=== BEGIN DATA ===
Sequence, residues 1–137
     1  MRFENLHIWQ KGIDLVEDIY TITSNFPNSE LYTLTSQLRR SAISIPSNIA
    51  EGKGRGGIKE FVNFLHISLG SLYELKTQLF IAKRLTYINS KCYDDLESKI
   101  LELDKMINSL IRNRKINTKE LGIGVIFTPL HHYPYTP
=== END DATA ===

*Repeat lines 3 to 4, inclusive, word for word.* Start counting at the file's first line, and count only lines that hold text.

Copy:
    51  EGKGRGGIKE FVNFLHISLG SLYELKTQLF IAKRLTYINS KCYDDLESKI
   101  LELDKMINSL IRNRKINTKE LGIGVIFTPL HHYPYTP